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European shifts from conflict

Protestant Reformation
Scientific Revolution

Despite the enormous costs in human life and money. Why were these wars fought and what was the outcome and significance in European history? • There was widespread death and destruction of the religious wars of Catholics versus Protestants as well as the internal and international wars of the era. • The development of modern diplomacy was a lasting result of that era of warfare. in such areas as firearms. . List the wars and examine their economic and human costs. an island nation. these wars led to tremendous innovations in weaponry and skill. shipping. which was evident in the precarious and shifting balances of power. and metallurgy. – For instance.Warfare was nearly constant in Europe during the early Modern Era. • All states developed armies and navies according to their particular needs. as were advances in communications and transportation. England. had no standing army and a large navy. – The continental states had much larger armies than navies. • Refinements (rather than revolutions) in technology. • The financial expense of these wars should also be addressed. were important.

Colonialism helped promote economic growth. Monarchs promoted alliances with commercial elites. It also ignored alliances for the sake of religious uniformity and aristocratic privilege. States also began to tax the nobility and raise those taxes directly. Spain is an example of a country that kept increasing its military expenditures without promoting economic development.How did the European states “pay the piper”? Were politics and warfare related to European economies and economic development from the sixteenth to the eighteenth century? • Wars were waged for political gain. On the other hand. as well as across religious boundaries. and the high cost of warfare demanded further increases in revenue. and government protection and stimulus further increased economic development. .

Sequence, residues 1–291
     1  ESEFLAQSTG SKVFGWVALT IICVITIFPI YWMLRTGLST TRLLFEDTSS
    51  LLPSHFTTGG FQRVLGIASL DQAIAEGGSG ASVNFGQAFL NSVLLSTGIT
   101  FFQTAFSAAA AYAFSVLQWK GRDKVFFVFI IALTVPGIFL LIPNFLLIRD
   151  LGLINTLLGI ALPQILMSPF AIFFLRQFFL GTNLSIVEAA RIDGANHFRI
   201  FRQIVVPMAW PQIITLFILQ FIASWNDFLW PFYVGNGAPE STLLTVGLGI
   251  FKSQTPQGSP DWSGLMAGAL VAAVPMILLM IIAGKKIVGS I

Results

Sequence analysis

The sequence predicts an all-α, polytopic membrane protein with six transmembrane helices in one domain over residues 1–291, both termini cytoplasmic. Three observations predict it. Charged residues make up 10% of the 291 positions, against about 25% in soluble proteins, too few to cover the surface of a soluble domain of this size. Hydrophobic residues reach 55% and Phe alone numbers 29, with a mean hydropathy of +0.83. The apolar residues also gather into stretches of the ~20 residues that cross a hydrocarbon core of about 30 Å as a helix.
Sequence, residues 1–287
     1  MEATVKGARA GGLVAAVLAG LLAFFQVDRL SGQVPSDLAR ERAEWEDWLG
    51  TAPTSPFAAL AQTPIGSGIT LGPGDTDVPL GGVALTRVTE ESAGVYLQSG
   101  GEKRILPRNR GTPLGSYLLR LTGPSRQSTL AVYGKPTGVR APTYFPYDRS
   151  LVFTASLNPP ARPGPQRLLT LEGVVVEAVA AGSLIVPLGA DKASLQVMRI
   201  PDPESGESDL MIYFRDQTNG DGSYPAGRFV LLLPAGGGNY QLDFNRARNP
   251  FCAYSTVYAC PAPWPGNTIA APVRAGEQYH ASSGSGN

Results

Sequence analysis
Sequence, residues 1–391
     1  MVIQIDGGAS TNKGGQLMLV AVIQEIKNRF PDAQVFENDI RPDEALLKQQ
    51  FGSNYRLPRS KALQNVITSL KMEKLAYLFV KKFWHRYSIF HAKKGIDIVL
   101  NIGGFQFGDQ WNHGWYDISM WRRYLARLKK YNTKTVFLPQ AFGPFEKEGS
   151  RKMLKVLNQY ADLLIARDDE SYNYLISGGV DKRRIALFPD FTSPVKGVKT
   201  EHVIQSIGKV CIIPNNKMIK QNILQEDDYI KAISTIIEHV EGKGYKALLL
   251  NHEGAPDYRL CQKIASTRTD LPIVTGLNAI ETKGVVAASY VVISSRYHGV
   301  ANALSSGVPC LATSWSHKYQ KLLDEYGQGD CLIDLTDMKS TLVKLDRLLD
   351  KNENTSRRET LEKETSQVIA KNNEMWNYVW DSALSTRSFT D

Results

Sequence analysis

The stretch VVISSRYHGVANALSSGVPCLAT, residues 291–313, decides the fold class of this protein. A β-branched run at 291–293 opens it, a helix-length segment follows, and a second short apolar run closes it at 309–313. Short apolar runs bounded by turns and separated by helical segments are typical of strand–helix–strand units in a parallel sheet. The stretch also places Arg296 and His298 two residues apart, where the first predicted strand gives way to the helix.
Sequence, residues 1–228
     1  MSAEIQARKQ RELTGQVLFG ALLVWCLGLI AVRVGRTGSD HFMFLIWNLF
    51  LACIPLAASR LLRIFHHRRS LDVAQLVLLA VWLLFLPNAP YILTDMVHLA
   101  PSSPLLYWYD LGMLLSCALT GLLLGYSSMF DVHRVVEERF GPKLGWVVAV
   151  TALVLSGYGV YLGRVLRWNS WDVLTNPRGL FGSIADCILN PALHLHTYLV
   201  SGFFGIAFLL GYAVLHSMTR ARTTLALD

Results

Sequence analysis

” Was Le Roy correct? First. . there was the Protestant Reformation that shattered Latin Christian unity. were the economic and social changes that contributed to European power. and military hardware. Next. but opened the way for intellectual freedom and encouraged some to challenge traditional ideas. The Scientific Revolution and Enlightenment laid an intellectual foundation for the rise of European world dominance. Second. Europe was ascending to power and the Ottoman Empire was declining from power. The constant warfare of the era also produced positive results for states. or the concept of mercantilism. These military improvements proved to be essential in the coming centuries of Europe’s rise to world dominance. These wars inspired the creation of large standing armies.• • • • • A statement by the French scholar Loys Le Roy regarding the 1700s was that “he was living at a turning point in world history. • This led to reliance on conquest for control of the trade routes and flow of the bullion and even further production within the country. therefore we see the Age of Absolutism. • • • • Lastly the European state development and the efforts of European monarchs to consolidate their control were through absolutist policies. – Government support took the form of joint-stock companies and other projects to improve economic conditions. better skilled soldiers. were the events that contributed to this ascension to power by the Europeans On an intellectual and cultural level. – The rise of a bourgeoisie and the expansion of maritime trade with the support of government were instrumental in this change.